Clean truck programs funded by California's cap-and-trade program may take a hit as the coronavirus pandemic has limited fossil fuel activity that drives the pollution reduction program. Cap-and-trade, in effect since 2016, limits the amount of carbon that companies are allowed to emit, and allows businesses to buy and sell pollution credits at an auction on a state-sponsored marketplace. But the latest auction, held in late May, produced only $25 million in revenue, down from the $600 million to $850 million raised at previous auctions over the past three years.
Among the heavy-duty truck projects funded by cap-and-trade revenues are Volvo Lights, an electric truck demonstration project, and a clean truck voucher program introduced this year. How the revenue declines will affect commercial vehicle emissions reduction initiatives will depend on the allocation of the cap-and-trade funds in the state budget, H.D. Palmer, Deputy Director of California's Department of Finance, told FreightWaves. The budget is under deliberation in the Legislature and is expected to be finalized by June 15.
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The Los Angeles Board of Harbor Commissioners has approved a $1.5 billion budget for 2020/21. The budget is based on expectations of slower cargo volumes in the near term and a continued slowdown in the worldwide economy, due to market uncertainties related to the COVID-19 pandemic and the lingering impacts from the 2019 trade war.
Via Port of Los Angeles
"Forced dispatch or not, you can't drive into a riot situation because you are going to lose."
Ronnie Sellers of Knoxville, Tennessee, a former police officer and owner of a small trucking company, on driving trucks during the civil rights protests convulsing the country (Via FreightWaves)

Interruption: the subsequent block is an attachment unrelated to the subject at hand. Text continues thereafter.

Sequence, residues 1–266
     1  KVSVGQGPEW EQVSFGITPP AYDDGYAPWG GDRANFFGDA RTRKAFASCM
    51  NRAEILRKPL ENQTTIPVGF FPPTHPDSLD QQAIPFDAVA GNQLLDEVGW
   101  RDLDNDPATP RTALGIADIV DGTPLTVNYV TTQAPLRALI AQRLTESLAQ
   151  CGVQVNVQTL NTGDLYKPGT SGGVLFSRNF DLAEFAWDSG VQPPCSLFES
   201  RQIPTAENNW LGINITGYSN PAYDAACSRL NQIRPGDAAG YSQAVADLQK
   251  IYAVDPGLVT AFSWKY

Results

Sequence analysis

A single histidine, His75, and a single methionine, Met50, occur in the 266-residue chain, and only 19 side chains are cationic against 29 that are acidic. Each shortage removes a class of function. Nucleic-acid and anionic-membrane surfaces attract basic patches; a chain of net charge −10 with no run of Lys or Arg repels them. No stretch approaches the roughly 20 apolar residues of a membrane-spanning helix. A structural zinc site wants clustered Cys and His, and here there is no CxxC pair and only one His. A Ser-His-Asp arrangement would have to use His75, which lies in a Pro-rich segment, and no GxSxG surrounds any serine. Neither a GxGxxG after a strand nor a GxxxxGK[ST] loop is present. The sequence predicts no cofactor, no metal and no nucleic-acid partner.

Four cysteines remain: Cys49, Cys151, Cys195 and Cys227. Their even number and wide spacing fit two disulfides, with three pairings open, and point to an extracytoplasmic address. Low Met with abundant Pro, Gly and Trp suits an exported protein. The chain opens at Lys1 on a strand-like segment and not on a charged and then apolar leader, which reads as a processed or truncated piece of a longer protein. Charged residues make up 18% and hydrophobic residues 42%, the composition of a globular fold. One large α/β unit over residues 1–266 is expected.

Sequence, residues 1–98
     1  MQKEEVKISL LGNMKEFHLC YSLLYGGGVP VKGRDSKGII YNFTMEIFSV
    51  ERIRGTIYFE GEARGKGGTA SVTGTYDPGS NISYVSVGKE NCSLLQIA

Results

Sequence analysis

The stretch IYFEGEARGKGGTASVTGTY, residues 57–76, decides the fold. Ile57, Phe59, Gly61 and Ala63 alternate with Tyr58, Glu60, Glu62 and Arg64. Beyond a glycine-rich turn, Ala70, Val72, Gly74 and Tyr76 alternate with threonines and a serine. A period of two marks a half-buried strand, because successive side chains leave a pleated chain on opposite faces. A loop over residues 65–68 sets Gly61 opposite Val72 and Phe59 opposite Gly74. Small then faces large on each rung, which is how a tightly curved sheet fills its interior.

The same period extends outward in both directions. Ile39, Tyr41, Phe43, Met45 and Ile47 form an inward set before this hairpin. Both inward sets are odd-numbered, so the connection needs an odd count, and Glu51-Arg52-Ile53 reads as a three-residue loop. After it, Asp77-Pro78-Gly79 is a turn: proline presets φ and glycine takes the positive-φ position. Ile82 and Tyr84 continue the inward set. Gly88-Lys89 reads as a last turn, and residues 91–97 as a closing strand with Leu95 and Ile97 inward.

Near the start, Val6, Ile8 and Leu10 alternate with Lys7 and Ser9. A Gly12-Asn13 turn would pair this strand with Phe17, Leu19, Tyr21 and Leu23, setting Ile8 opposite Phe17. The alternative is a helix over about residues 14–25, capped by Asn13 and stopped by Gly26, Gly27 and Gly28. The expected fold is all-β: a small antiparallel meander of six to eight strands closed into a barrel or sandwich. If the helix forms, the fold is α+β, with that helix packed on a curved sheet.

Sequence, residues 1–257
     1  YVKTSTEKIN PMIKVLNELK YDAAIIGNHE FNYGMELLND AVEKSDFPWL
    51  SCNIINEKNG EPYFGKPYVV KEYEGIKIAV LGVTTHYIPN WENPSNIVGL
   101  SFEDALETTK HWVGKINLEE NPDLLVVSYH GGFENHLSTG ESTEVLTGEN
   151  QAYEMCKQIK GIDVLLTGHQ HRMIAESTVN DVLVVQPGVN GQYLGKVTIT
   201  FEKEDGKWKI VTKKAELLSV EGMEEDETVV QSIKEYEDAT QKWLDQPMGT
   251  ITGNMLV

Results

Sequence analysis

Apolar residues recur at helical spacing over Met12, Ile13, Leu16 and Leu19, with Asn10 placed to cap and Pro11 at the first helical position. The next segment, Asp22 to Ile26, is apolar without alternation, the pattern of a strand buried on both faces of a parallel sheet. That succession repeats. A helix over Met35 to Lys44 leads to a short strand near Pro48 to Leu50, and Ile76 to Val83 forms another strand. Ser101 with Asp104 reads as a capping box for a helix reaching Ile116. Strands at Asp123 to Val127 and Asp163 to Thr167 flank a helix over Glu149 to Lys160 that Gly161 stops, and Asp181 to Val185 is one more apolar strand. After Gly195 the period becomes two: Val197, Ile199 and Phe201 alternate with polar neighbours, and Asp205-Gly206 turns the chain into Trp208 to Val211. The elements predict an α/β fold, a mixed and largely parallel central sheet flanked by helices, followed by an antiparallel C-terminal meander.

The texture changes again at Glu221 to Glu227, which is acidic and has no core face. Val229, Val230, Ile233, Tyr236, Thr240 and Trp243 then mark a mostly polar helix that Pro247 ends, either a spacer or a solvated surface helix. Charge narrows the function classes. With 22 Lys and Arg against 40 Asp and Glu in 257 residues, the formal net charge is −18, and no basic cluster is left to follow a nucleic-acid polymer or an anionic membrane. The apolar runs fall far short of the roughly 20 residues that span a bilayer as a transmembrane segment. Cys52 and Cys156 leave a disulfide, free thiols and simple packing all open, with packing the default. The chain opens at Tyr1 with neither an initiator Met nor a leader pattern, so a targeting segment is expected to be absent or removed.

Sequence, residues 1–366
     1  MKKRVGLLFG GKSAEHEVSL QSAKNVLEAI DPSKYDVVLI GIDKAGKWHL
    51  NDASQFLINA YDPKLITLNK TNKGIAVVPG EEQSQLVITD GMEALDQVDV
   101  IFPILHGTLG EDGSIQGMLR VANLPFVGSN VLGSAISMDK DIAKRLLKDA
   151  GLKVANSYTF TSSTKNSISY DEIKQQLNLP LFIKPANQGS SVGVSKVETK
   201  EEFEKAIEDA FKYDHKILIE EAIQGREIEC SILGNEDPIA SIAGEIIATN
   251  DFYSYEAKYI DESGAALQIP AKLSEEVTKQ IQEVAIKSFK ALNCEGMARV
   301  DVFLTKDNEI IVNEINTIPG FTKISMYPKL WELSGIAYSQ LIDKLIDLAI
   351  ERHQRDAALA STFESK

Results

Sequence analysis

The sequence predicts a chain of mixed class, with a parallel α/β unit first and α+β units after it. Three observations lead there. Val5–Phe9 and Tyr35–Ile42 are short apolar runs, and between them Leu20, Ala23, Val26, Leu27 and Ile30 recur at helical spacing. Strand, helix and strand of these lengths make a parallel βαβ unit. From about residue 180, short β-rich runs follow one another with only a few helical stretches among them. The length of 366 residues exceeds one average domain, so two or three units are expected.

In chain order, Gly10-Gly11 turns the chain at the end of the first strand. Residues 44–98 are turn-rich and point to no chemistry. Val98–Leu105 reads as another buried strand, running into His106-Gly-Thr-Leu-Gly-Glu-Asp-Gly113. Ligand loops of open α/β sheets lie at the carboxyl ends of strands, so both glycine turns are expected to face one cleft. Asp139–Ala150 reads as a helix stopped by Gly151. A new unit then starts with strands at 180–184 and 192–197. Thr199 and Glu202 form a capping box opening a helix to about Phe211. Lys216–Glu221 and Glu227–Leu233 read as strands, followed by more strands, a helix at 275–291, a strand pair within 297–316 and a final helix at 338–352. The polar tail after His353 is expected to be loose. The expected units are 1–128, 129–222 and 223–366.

In other news
SoftBank creates a $100 million fund to invest in entrepreneurs of color
The initiative comes amid a global pandemic that has disproportionately affected minority-owned businesses and as social unrest over systemic racism grips America. (Forbes)
The Nuclear Innovation Institute and Canadian Nuclear Isotope Council (CNIC) partner on a study to identify challenges and solutions in Canada's medical isotope supply chain
Canada is a leader in the production and global supply of isotopes that play a major role in diagnosing and treating many forms of cancer. (Yahoo)
Elon Musk calls for Amazon breakup
The tweet from the electric vehicle company CEO came after former New York Times reporter Alex Berenson, a COVID-19 skeptic, claimed the e-giant censored his book. (CNBC)
Study: Autonomous vehicles won't make roads completely safe
Auto safety experts say humans cause about 94% of U.S. crashes, but a new Insurance Institute for Highway Safety study says computer-controlled robocars will only stop about one-third of them. (Fox13)
ExFreight, a digital freight forwarding service, has announced the launch of a new Carbon Calculator that tallies the pollution impact of modes of transport and shipment routing. The tool provides estimated carbon emissions for all shipment modes at the time of rating and during actual transit, including first-mile trucking, air/ocean transport, and final delivery worldwide. Data is collected and verified with all respective carriers and provided to the shipper on the company's broader digital platform. Customers are also able to input their own emissions requirements to meet the required internal standards of measurement.
Hammer down, everyone!
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